Three Strikes Laws were adopted in certain jurisdictions to protect the public from habitual offenders who repeatedly commit certain violent crimes. These law typically mandate a sentence of life imprisonment without parole for a third-time offender.
In New Jersey, the crimes that constitute “strikes” include those such as murder, manslaughter, aggravated assault, kidnapping, sexual assault and robbery.
But should crimes committed as juveniles be considered predicate offenses under the rule?
On February 7, 2022, in State v. Samuel Ryan, the Supreme Court of New Jersey answered this question.
In State v. Samuel Ryan, the Defendant was facing his third conviction for an armed robbery. In 1990, when the Defendant was sixteen years old, he committed an armed robbery at a gas station and another armed robbery at a Bridgeton, New Jersey apartment complex within the same week. He was prosecuted as an adult and convicted of those two robberies concurrently. In 1996, a few years after his release from prison, the Defendant committed an armed robbery at a Wawa in Vineland, New Jersey and another armed robbery at a gas station in Bridgeton, New Jersey. The Defendant was convicted of these two robberies separately. Thus, the State moved to sentence the Defendant pursuant to the Three Strikes Law and Defendant was sentenced accordingly.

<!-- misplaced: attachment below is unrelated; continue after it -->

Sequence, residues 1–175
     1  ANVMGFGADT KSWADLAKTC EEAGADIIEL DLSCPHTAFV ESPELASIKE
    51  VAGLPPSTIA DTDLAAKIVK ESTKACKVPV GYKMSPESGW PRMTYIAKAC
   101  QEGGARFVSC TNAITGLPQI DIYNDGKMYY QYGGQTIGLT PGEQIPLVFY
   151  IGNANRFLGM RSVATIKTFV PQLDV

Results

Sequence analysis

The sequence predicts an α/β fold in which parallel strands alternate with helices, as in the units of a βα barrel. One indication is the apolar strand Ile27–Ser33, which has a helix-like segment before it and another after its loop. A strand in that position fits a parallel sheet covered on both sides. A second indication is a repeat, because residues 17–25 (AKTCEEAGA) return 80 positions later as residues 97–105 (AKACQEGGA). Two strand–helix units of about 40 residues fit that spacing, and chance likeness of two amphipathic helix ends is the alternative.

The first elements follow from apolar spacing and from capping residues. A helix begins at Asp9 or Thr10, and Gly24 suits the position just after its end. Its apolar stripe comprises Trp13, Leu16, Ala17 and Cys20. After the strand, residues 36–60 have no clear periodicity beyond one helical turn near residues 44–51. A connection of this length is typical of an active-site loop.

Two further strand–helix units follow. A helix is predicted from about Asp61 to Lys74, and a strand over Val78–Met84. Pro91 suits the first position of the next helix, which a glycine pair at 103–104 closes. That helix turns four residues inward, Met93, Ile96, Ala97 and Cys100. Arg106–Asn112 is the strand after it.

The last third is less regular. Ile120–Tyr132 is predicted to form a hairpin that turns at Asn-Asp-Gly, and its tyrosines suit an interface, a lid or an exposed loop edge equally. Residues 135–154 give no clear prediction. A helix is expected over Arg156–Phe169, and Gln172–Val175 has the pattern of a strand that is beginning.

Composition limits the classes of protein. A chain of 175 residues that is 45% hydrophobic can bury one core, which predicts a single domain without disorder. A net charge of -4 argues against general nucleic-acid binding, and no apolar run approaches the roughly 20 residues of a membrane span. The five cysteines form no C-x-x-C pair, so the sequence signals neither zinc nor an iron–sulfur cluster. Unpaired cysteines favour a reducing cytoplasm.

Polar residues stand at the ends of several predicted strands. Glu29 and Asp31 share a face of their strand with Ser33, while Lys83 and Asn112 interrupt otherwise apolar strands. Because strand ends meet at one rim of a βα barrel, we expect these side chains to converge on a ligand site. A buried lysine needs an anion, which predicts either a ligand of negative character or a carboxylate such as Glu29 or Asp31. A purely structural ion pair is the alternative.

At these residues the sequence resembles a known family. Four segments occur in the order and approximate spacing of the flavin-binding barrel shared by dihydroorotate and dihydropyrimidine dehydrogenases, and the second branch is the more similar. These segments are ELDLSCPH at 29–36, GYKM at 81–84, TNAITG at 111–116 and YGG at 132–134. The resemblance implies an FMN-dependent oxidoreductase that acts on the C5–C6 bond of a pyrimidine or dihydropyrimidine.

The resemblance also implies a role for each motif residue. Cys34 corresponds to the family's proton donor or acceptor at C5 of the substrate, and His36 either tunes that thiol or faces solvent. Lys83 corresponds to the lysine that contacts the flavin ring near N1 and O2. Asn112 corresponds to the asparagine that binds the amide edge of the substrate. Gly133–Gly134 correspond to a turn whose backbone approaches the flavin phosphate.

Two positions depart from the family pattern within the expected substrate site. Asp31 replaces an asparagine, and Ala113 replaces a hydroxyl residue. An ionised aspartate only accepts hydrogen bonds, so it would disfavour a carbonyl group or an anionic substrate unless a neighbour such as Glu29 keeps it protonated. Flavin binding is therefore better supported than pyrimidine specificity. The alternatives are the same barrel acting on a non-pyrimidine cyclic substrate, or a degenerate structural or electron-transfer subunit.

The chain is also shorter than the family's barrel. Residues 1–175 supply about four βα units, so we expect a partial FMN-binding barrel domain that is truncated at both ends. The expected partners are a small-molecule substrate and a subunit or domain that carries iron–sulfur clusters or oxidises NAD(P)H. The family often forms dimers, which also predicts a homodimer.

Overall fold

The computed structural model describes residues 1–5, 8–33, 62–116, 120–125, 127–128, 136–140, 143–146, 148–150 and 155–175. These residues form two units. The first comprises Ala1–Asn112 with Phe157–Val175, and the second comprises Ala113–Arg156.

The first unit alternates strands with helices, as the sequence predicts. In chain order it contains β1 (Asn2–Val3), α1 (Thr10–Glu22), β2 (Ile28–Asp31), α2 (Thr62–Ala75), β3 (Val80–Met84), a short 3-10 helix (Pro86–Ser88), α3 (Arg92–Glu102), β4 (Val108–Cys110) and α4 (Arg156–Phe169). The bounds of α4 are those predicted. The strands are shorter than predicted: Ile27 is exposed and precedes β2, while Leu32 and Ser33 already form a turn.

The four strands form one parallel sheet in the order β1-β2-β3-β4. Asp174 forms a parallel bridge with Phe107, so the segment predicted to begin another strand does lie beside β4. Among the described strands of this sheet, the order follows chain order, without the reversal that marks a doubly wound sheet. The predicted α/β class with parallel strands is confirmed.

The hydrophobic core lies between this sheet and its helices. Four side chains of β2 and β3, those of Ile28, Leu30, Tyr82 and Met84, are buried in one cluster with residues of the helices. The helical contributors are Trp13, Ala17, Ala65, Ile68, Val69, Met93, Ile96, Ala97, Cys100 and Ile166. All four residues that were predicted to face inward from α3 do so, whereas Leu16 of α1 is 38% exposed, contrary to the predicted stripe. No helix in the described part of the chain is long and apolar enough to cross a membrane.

The Defendant later appealed his convictions and sentence on the grounds that the sentence imposed was unconstitutional because his first “strike”, the 1990 conviction, occurred when he was a juvenile. The Defendant relied on the United States Supreme Court decision in Miller v. Alabama and the Supreme Court of New Jersey’s decision in State v. Zuber, both of which indicate that a sentence of life without parole for juvenile offenders is unconstitutional.
The Court held that the Three Strikes Law and the mandatory sentence of life without parole that was imposed on the Defendant are not unconstitutional. The Court pointed out that the holdings in Miller v. Alabama and State v. Zuber apply only to juvenile defendants, and that neither decision prohibit imposing the mandatory sentence of life without parole on an adult defendant. The Court further mentioned that most states that have Three Strikes Laws count juvenile convictions as “strikes” in cases where the defendant was waived up to adult court.
Thus, although the first offense occurred when the Defendant was a juvenile, it is not unconstitutional for the conviction to count as a “strike” in this jurisdiction.